However, during Detroit’s playoff run, McWilliams-Franklin exceeded her role. Then almost 38 years old, McWilliams-Franklin proved she still possessed the clutch gene.

In Game 3 of the Eastern Conference Finals, McWilliams-Franklin added 19 points and eight rebounds, pushing the Shock past the Liberty and sending them back to the WNBA Finals. In Game 3 of the Finals, she spurred the Shock to their championship-clinching victory, going on a personal 4-0 scoring run with approximately four minutes remaining to give the Shock an insurmountable double-digit lead.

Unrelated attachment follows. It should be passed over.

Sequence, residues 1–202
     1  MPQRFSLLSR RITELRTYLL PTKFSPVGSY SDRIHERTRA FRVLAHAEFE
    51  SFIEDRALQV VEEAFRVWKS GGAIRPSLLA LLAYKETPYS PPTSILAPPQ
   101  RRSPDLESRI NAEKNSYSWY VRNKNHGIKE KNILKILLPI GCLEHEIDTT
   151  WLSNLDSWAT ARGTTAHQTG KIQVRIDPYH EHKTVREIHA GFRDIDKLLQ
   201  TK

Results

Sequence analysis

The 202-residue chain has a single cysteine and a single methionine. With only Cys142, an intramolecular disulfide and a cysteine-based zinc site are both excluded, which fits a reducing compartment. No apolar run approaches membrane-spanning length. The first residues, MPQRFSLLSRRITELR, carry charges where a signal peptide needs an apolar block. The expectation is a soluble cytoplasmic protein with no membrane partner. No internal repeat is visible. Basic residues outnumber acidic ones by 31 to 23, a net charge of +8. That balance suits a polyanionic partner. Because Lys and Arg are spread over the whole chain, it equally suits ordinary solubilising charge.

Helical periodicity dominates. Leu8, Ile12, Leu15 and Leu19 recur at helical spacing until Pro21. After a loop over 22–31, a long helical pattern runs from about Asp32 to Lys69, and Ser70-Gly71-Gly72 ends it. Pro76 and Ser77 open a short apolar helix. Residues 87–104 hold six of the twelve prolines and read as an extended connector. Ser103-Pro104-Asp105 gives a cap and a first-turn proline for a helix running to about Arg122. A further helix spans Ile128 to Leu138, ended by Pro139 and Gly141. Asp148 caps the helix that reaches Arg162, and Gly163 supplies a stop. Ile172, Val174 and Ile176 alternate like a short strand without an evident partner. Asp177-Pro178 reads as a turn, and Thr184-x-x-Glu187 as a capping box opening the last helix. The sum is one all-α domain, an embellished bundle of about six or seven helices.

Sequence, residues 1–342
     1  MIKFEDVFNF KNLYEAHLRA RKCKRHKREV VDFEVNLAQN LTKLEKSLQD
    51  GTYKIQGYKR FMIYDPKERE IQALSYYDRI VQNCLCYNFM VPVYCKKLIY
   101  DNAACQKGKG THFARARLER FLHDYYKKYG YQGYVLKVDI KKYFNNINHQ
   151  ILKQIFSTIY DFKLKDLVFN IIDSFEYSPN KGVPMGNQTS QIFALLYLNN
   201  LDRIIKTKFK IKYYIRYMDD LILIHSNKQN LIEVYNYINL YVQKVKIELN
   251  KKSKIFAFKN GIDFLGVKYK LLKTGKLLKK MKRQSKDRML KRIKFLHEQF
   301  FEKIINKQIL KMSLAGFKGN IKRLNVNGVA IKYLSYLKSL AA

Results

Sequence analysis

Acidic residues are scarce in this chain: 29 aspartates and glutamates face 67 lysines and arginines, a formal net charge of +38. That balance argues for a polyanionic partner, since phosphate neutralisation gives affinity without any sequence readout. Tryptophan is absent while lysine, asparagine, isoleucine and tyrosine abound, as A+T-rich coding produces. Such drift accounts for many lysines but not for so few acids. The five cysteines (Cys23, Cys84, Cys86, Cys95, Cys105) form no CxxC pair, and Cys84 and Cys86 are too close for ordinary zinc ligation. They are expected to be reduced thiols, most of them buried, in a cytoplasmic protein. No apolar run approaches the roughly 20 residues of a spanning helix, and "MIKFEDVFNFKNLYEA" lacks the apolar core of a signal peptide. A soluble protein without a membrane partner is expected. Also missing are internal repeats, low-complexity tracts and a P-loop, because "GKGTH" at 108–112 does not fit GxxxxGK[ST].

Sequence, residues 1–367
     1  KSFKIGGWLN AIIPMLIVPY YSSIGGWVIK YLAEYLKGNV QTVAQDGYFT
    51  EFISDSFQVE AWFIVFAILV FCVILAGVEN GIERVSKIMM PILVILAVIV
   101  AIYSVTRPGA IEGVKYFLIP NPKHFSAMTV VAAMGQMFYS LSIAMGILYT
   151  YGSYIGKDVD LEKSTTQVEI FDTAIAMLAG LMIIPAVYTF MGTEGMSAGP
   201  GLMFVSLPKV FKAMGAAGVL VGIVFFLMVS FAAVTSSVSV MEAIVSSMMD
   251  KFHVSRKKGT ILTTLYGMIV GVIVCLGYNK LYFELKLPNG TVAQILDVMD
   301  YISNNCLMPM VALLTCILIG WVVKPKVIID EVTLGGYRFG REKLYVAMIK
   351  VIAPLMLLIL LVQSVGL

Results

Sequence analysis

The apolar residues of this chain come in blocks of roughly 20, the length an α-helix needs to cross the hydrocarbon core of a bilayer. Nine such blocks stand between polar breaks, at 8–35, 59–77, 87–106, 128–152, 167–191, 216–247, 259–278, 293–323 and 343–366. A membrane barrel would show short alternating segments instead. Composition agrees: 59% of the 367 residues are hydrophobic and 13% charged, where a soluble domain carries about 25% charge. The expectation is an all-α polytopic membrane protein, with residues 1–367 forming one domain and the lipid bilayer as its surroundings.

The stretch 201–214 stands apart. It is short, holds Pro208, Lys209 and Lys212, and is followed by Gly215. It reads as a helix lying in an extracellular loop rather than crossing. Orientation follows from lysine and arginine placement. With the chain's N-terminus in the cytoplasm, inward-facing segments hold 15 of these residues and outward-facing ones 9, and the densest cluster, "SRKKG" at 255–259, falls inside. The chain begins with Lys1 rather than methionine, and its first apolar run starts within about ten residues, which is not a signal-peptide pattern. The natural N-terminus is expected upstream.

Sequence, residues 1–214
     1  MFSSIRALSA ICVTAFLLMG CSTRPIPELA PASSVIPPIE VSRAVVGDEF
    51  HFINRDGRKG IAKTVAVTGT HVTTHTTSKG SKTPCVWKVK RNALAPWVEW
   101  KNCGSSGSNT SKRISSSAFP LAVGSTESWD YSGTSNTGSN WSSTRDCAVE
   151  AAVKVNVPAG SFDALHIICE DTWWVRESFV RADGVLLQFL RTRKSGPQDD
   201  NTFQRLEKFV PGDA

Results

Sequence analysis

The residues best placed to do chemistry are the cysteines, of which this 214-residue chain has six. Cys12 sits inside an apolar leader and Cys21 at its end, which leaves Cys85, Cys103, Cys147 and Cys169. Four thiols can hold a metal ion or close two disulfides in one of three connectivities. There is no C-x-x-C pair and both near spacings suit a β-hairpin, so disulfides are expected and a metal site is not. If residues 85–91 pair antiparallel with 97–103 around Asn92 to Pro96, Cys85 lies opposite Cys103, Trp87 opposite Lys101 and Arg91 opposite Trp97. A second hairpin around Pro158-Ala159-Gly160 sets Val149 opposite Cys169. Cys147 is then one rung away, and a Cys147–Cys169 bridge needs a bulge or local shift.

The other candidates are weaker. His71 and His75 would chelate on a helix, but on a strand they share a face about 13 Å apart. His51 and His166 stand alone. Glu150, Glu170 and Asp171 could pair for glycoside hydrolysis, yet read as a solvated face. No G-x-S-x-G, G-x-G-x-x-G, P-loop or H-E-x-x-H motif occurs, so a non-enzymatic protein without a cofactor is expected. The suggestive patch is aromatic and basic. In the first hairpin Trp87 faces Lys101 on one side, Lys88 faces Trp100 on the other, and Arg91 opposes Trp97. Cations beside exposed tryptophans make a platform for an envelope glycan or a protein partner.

In 2007, McWilliams-Franklin reconnected with Schera, re-establishing a relationship with the then-Shawnee State University basketball player.

Seemingly, McWilliams-Franklin might have decided to retire after the 2008 season, completing her unexpected, underdog career with a championship. Yet, as she asserted soon after beginning her professional career abroad, McWilliams-Franklin was determined to play as long as possible.

As an indication of her obsession with the game, McWilliams-Franklin continued to play abroad throughout her WNBA career, suiting up in Italy, South Korea and Russia. After another WNBA season in Detroit and single season with the New York Liberty, Cheryl Reeve, who had been an assistant coach with the Shock, lured McWilliams-Franklin to the Minnesota Lynx.